Use of telemedicine for children with special health care needs

Warren B. Karp, R. Kevin Grigsby, Maureen McSwiggan-Hardin, Suzanne Pursley-Crotteau, Laura N. Adams, Wyndolyn Bell, Max E. Stachura, William P. Kanto

Research output: Contribution to journalArticle

70 Citations (Scopus)

Abstract

Objective. In 1995, the Children's Medical Services (CMS) of the State of Georgia contracted with the Department of Pediatrics of the Medical College of Georgia (MCG) and the MCG Telemedicine Center to develop telemedicine programs to provide subspecialty care for children with special health care needs. This article presents project statistics and results of client evaluation of services, as well as physician faculty attitudes toward telemedicine. Design. A demonstration project using telemedicine between a tertiary center and a rural clinic serving children with special health care needs was established. Data were collected and analyzed for December 12, 1995 to May 31, 1997, during which 333 CMS telemedicine consultations were performed. Results. Most CMS telemedicine consultations (35%) involved pediatric allergy/immunology. Other subspecialties included pulmonology (29%), neurology (19%), and genetics (16%). Overall, patients were satisfied with the services received. Initially, physician faculty members were generally positive but conservative in their attitudes toward using telemedicine for delivering clinical consultation. After a year's exposure and/or experience with telemedicine, 28% were more positive, 66% were the same, and only 4% were more negative about telemedicine. The more physicians used telemedicine, the more positive they were about it (r = .30). Conclusions. In terms of family attitudes and individual care, telemedicine is an acceptable means of delivering specific pediatric subspecialty consultation services to children with special health care needs, living in rural areas distant to tertiary centers. Telemedicine is more likely to be successful as part of an integrated health services delivery than when it is the sole mode used for delivery of care.

Original languageEnglish (US)
Pages (from-to)843-847
Number of pages5
JournalPediatrics
Volume105
Issue number4 I
DOIs
StatePublished - Jan 1 2000

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Telemedicine
Delivery of Health Care
Referral and Consultation
Pediatrics
Physicians
Pulmonary Medicine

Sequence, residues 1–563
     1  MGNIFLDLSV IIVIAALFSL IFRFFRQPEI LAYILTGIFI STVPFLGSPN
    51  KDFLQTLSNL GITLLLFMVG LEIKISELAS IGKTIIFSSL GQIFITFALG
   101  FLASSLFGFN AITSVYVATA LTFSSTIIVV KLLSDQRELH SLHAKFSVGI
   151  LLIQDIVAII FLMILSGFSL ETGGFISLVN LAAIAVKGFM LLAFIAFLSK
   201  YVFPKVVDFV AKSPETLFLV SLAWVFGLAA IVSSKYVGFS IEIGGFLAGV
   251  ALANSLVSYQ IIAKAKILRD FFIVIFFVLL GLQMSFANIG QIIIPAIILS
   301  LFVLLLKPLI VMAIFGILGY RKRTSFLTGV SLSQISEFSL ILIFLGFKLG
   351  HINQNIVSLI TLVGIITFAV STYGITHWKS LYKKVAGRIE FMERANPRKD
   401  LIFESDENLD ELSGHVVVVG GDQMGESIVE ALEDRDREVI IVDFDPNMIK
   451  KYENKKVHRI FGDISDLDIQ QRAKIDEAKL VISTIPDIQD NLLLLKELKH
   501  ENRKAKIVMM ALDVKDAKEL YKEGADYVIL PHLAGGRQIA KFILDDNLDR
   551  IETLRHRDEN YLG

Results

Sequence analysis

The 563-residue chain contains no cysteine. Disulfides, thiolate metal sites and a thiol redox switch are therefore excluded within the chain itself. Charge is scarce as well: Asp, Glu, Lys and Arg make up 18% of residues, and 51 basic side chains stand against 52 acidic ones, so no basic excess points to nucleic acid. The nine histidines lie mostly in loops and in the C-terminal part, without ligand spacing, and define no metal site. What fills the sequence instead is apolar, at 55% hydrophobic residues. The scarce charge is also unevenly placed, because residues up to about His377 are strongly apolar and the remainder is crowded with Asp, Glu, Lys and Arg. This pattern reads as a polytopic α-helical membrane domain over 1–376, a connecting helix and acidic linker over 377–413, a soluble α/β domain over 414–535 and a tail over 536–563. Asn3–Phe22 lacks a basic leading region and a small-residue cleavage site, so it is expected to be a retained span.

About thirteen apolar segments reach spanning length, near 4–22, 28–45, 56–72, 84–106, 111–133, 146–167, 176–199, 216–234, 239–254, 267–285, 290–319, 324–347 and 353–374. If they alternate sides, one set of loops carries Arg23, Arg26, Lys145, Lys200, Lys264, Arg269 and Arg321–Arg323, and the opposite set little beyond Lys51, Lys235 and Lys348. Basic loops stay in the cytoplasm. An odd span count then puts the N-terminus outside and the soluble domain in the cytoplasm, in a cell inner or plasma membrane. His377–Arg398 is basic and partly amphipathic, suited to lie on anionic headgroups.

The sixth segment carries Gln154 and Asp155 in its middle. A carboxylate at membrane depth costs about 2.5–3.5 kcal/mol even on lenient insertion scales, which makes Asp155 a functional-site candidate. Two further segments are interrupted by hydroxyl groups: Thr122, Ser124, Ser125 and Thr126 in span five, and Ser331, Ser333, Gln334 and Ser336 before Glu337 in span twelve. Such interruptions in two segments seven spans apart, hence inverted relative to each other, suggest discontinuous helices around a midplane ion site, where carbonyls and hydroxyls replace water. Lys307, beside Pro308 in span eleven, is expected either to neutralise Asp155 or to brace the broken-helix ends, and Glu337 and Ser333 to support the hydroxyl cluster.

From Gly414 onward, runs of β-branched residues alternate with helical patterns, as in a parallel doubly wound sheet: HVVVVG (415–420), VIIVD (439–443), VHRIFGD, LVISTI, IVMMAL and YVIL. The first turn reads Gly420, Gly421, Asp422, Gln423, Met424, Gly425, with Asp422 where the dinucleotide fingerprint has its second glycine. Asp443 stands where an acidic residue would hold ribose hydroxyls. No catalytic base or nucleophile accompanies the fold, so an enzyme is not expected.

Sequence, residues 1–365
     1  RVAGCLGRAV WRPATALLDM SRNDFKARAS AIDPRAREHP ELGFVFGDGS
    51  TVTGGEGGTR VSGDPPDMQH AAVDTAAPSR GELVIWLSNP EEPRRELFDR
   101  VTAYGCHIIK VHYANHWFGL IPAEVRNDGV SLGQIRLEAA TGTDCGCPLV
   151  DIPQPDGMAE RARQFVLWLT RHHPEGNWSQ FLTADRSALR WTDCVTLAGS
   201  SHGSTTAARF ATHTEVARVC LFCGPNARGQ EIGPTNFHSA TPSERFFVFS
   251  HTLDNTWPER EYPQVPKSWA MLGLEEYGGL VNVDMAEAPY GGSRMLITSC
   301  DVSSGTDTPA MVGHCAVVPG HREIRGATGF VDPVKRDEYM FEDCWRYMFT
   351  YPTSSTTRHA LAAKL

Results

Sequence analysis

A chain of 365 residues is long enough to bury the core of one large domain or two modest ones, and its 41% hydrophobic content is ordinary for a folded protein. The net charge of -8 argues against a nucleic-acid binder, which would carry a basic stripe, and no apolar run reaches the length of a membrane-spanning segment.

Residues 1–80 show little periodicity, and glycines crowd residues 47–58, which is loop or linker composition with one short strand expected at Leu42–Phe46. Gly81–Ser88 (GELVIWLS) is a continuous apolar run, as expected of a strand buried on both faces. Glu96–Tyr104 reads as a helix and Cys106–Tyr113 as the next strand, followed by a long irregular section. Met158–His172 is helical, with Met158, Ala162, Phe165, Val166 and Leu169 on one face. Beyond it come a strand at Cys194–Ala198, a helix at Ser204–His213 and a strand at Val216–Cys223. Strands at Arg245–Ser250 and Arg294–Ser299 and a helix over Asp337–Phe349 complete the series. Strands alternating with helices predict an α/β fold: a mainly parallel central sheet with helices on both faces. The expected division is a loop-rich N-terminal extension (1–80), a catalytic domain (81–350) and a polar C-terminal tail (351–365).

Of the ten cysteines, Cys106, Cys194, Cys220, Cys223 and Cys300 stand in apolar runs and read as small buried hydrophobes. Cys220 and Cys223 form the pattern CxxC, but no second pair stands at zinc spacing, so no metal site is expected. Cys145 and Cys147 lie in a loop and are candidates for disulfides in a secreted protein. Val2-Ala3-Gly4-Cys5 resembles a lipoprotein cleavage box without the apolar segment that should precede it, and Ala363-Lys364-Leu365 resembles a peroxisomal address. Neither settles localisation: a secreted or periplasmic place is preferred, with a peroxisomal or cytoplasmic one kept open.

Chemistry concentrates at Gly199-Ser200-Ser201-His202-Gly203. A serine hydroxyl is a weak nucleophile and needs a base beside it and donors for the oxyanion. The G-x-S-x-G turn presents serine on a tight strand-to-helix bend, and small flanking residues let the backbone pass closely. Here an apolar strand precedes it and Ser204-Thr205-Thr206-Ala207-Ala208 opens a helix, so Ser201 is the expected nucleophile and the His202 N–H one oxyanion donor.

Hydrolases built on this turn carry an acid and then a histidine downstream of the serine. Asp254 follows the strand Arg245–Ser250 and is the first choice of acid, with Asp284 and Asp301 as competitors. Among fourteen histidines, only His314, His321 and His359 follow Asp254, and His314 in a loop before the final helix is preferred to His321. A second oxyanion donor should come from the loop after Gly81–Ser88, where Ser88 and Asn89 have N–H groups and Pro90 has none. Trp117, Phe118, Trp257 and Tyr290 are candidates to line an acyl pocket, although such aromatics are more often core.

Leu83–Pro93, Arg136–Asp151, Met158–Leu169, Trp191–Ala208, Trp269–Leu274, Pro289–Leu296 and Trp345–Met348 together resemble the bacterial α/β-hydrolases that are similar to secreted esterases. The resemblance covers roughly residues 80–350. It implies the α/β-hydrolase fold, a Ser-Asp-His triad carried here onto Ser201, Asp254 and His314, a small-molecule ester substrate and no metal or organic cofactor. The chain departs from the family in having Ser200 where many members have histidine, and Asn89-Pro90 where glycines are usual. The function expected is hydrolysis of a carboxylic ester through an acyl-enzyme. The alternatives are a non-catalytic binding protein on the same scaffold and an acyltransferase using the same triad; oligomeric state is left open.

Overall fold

Neurology
Child Care
Allergy and Immunology
Health Services

Keywords

  • Attitudes
  • Consultation
  • Rural health
  • Special healthcare
  • Telemedicine

ASJC Scopus subject areas

  • Pediatrics, Perinatology, and Child Health

Cite this

Karp, W. B., Grigsby, R. K., McSwiggan-Hardin, M., Pursley-Crotteau, S., Adams, L. N., Bell, W., ... Kanto, W. P. (2000). Use of telemedicine for children with special health care needs. Pediatrics, 105(4 I), 843-847. https://doi.org/10.1542/peds.105.4.843

Use of telemedicine for children with special health care needs. / Karp, Warren B.; Grigsby, R. Kevin; McSwiggan-Hardin, Maureen; Pursley-Crotteau, Suzanne; Adams, Laura N.; Bell, Wyndolyn; Stachura, Max E.; Kanto, William P.

In: Pediatrics, Vol. 105, No. 4 I, 01.01.2000, p. 843-847.

Research output: Contribution to journalArticle

Karp, WB, Grigsby, RK, McSwiggan-Hardin, M, Pursley-Crotteau, S, Adams, LN, Bell, W, Stachura, ME & Kanto, WP 2000, 'Use of telemedicine for children with special health care needs', Pediatrics, vol. 105, no. 4 I, pp. 843-847. https://doi.org/10.1542/peds.105.4.843
Karp WB, Grigsby RK, McSwiggan-Hardin M, Pursley-Crotteau S, Adams LN, Bell W et al. Use of telemedicine for children with special health care needs. Pediatrics. 2000 Jan 1;105(4 I):843-847. https://doi.org/10.1542/peds.105.4.843
Karp, Warren B. ; Grigsby, R. Kevin ; McSwiggan-Hardin, Maureen ; Pursley-Crotteau, Suzanne ; Adams, Laura N. ; Bell, Wyndolyn ; Stachura, Max E. ; Kanto, William P. / Use of telemedicine for children with special health care needs. In: Pediatrics. 2000 ; Vol. 105, No. 4 I. pp. 843-847.
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abstract = "Objective. In 1995, the Children's Medical Services (CMS) of the State of Georgia contracted with the Department of Pediatrics of the Medical College of Georgia (MCG) and the MCG Telemedicine Center to develop telemedicine programs to provide subspecialty care for children with special health care needs. This article presents project statistics and results of client evaluation of services, as well as physician faculty attitudes toward telemedicine. Design. A demonstration project using telemedicine between a tertiary center and a rural clinic serving children with special health care needs was established. Data were collected and analyzed for December 12, 1995 to May 31, 1997, during which 333 CMS telemedicine consultations were performed. Results. Most CMS telemedicine consultations (35{\%}) involved pediatric allergy/immunology. Other subspecialties included pulmonology (29{\%}), neurology (19{\%}), and genetics (16{\%}). Overall, patients were satisfied with the services received. Initially, physician faculty members were generally positive but conservative in their attitudes toward using telemedicine for delivering clinical consultation. After a year's exposure and/or experience with telemedicine, 28{\%} were more positive, 66{\%} were the same, and only 4{\%} were more negative about telemedicine. The more physicians used telemedicine, the more positive they were about it (r = .30). Conclusions. In terms of family attitudes and individual care, telemedicine is an acceptable means of delivering specific pediatric subspecialty consultation services to children with special health care needs, living in rural areas distant to tertiary centers. Telemedicine is more likely to be successful as part of an integrated health services delivery than when it is the sole mode used for delivery of care.",
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